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AIMS/HYPOTHESIS: There are strong associations between measures of inflammation and type 2 diabetes, but the causal directions of these associations are not known. We tested the hypothesis that common gene variants known to alter circulating levels of inflammatory proteins, or known to alter autoimmune-related disease risk, influence type 2 diabetes risk. METHODS: We selected 46 variants: (1) eight variants known to alter circulating levels of inflammatory proteins, including those in the IL18, IL1RN, IL6R, MIF, PAI1 (also known as SERPINE1) and CRP genes; and (2) 38 variants known to predispose to autoimmune diseases, including type 1 diabetes. We tested the associations of these variants with type 2 diabetes using a meta-analysis of 4,107 cases and 5,187 controls from the Wellcome Trust Case Control Consortium, the Diabetes Genetics Initiative, and the Finland-United States Investigation of NIDDM studies. We followed up associated variants (p < 0.01) in a further set of 3,125 cases and 3,596 controls from the UK. RESULTS: We found no evidence that inflammatory or autoimmune disease variants are associated with type 2 diabetes (at p <or= 0.01). The OR observed between the variant altering IL-18 levels, rs2250417, and type 2 diabetes (OR 1.00 [95% CI 0.99-1.03]), is much lower than that expected given (1) the effect of the variant on IL-18 levels (0.28 SDs per allele); and (2) estimates, based on other studies, of the correlation between IL-18 levels and type 2 diabetes risk (approximate OR 1.15 [95% CI 1.09-1.21] per 0.28 SD increase in IL-18 levels). CONCLUSIONS/INTERPRETATION: Our study provided no evidence that variants known to alter measures of inflammation, autoimmune or inflammatory disease risk, including type 1 diabetes, alter type 2 diabetes risk.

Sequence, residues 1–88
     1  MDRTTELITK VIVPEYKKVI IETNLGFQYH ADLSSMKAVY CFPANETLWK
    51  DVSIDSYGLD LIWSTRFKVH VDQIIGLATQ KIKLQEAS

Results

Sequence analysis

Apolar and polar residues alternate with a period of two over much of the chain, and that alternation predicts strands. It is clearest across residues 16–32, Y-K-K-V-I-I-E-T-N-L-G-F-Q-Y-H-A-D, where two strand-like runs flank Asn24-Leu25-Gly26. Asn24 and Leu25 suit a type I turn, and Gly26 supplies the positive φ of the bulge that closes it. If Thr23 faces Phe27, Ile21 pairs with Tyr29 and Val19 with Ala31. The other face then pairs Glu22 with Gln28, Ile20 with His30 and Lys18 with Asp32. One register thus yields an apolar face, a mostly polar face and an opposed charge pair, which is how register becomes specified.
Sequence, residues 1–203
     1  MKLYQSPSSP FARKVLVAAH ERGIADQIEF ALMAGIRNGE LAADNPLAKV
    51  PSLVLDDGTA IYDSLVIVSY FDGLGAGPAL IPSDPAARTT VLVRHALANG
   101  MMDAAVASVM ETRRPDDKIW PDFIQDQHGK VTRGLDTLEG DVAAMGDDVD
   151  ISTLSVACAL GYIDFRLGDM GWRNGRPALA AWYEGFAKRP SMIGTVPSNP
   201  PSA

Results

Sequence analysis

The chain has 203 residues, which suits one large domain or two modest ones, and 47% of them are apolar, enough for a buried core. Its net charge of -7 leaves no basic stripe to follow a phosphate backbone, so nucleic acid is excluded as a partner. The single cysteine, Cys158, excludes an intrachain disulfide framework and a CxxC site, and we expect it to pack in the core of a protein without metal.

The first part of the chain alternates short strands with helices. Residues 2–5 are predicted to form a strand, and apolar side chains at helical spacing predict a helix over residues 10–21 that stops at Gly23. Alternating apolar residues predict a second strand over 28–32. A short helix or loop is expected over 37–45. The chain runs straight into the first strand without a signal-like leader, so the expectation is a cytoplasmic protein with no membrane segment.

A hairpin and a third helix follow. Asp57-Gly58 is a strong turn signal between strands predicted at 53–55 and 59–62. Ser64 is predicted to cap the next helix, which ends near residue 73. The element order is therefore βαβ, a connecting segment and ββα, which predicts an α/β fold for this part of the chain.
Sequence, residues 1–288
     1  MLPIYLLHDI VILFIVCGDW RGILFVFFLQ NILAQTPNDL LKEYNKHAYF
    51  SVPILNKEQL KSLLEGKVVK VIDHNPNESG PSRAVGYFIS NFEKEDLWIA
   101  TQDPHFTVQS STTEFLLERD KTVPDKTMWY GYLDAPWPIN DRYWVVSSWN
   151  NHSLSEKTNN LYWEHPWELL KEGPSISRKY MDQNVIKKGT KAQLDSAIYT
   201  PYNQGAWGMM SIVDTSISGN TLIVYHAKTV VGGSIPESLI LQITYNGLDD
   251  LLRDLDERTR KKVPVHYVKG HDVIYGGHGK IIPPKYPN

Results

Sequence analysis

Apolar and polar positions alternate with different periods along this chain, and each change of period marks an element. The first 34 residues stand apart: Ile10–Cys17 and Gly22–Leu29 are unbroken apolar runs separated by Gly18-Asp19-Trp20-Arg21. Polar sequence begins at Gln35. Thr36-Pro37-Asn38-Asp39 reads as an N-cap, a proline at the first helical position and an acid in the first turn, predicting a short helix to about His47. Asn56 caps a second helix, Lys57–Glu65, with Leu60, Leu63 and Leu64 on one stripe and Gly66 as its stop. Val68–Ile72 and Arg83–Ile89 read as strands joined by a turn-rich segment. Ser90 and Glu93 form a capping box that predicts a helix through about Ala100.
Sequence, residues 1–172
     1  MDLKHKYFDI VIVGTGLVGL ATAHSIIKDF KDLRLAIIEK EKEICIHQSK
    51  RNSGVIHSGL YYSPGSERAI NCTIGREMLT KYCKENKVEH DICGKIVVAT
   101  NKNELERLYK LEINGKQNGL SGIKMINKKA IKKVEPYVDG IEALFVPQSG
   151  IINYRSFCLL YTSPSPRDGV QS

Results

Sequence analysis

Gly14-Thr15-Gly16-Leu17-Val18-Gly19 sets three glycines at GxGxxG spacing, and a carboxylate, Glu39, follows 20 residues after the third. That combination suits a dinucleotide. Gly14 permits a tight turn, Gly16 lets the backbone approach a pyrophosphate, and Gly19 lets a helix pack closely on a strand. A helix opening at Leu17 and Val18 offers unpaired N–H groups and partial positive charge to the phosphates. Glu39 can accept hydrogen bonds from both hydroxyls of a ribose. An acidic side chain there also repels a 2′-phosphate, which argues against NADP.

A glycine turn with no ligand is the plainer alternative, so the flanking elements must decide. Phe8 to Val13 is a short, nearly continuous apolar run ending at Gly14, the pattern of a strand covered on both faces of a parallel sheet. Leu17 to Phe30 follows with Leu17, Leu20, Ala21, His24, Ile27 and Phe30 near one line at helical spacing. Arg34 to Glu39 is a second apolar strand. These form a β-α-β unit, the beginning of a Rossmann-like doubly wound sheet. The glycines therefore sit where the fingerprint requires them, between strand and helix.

Original publication

DOI

10.1007/s00125-008-1160-3

Type

Journal article

Journal

Diabetologia

Publication Date

12/2008

Volume

51

Pages

2205 - 2213

Keywords

Autoimmune Diseases, Diabetes Mellitus, Type 2, Humans, Inflammation, Polymorphism, Single Nucleotide, Risk Factors